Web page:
Treatment for deep vein thrombosis (DVT) is recommended for all patients with advanced cancer in hospitals, yet it is not routine practice for those in specialist palliative care units, such as hospices.
The aim of this study was to determine how many cancer patients admitted to hospices have DVTs and whether these cause problems and will result in a better understanding of how we should treat people with advanced cancer.
About the project
Funder: NIHR Research for Patient Benefit
Time frame: 2015 to 2017: Completed
Publication: ISRCTN registry
Contact for more details: Professor Miriam Johnson and Dr Flavia Swan
The purpose of this project was to estimate the prevalence of clinically relevant femoral vein deep vein thrombosis (DVT) in people with advanced cancer admitted to hospice.
Cancer patients admitted to five hospices in England, Wales and Northern Ireland had an ultrasound scan of both thigh and groin veins and asked about symptoms.
About a third had a DVT on admission; more likely in people who had been bedbound recently.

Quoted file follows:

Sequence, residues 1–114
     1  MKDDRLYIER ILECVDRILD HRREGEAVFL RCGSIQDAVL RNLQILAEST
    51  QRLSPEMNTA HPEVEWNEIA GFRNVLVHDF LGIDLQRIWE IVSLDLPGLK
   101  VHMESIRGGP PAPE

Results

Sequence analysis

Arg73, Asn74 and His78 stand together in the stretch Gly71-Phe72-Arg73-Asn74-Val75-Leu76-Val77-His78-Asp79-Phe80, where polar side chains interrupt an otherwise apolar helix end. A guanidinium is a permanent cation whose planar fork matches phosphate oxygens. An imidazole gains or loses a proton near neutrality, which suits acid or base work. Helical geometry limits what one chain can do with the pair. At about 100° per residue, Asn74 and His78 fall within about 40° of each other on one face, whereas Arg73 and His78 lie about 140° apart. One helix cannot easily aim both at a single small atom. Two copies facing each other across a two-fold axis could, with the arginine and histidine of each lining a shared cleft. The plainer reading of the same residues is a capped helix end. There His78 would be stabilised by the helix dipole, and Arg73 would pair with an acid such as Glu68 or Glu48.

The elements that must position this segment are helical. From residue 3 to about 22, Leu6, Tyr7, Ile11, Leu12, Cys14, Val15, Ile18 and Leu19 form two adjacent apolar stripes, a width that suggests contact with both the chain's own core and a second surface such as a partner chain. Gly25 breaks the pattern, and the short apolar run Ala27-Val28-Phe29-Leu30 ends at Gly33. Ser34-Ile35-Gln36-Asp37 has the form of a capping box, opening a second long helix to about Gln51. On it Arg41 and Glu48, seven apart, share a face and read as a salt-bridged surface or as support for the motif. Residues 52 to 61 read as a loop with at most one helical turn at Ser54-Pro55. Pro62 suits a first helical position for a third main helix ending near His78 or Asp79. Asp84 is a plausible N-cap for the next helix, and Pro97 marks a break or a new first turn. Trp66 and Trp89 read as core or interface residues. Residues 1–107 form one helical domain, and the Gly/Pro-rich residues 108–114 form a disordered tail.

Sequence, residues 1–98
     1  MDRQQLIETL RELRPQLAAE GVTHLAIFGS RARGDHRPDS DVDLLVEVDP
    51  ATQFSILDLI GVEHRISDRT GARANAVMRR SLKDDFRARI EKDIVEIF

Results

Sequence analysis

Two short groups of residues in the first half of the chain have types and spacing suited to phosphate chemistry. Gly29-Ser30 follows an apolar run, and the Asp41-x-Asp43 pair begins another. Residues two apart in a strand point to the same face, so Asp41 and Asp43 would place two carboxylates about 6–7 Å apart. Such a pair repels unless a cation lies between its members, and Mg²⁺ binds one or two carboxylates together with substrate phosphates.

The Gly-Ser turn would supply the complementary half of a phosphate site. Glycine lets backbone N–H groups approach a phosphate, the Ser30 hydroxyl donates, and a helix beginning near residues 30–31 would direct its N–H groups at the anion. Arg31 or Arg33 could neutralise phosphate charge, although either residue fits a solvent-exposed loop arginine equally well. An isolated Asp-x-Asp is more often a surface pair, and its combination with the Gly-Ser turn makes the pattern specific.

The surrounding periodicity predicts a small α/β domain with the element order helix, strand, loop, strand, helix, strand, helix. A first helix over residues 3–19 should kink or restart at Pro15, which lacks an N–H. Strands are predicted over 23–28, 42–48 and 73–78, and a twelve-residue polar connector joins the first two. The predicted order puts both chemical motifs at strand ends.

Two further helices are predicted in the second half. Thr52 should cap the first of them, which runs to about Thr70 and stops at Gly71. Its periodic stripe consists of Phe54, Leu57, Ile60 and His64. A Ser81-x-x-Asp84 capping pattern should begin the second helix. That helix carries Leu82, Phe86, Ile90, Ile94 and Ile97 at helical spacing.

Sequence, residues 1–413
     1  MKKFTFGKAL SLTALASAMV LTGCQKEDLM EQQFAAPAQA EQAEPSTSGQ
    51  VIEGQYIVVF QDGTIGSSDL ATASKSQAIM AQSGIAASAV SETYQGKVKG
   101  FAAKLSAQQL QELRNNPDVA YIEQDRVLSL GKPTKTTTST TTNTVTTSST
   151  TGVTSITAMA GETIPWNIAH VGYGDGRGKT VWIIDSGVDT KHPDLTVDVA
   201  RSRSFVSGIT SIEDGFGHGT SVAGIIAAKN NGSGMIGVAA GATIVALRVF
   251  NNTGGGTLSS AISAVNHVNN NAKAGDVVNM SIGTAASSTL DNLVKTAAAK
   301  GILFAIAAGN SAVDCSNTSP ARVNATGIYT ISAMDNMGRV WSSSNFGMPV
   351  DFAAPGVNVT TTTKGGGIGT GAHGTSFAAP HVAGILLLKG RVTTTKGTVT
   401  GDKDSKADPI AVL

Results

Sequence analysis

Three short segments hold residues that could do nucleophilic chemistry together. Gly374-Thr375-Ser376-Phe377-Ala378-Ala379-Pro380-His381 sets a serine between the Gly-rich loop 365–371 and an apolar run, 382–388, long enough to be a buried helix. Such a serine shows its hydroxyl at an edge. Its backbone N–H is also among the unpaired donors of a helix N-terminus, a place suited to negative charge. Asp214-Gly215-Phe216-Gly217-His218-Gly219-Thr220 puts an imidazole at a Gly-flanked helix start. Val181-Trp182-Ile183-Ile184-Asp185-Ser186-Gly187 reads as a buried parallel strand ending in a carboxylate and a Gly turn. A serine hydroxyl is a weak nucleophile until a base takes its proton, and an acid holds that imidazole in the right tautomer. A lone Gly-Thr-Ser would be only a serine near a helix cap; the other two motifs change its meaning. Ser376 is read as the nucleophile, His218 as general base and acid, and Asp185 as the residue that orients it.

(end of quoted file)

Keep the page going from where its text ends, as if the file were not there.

DVT prevention treatment on admission did not seem to prevent DVT, survival was unaffected and few developed a new DVT during their stay. DVT prevention measures on hospice admission may therefore have little benefit, and treatment of a DVT may not be helpful for such patients with few or no symptoms and advanced cancer.
Clare White, Simon I R Noble, Max Watson, Flavia Swan, Victoria L Allgar, Eoin Napier, Annmarie Nelson, Jayne McAuley, Jennifer Doherty, Bernadette Lee, Miriam J Johnson. Prevalence, symptom burden, and natural history of deep vein thrombosis in people with advanced cancer in specialist palliative care units (HIDDen): a prospective longitudinal observational study. The Lancet Haematology, Volume 6, Issue 2, 2019, Pages e79-e88, ISSN 2352-3026.